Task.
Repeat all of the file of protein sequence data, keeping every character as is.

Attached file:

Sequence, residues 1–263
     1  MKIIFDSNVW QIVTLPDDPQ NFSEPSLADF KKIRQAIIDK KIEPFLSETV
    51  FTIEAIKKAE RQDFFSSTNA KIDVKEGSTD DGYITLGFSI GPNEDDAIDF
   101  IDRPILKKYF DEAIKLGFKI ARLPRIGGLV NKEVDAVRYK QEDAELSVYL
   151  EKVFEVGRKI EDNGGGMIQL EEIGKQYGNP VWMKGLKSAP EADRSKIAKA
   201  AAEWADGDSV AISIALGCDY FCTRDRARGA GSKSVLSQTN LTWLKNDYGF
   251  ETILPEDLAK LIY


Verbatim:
Sequence, residues 1–263
     1  MKIIFDSNVW QIVTLPDDPQ NFSEPSLADF KKIRQAIIDK KIEPFLSETV
    51  FTIEAIKKAE RQDFFSSTNA KIDVKEGSTD DGYITLGFSI GPNEDDAIDF
   101  IDRPILKKYF DEAIKLGFKI ARLPRIGGLV NKEVDAVRYK QEDAELSVYL
   151  EKVFEVGRKI EDNGGGMIQL EEIGKQYGNP VWMKGLKSAP EADRSKIAKA
   201  AAEWADGDSV AISIALGCDY FCTRDRARGA GSKSVLSQTN LTWLKNDYGF
   251  ETILPEDLAK LIY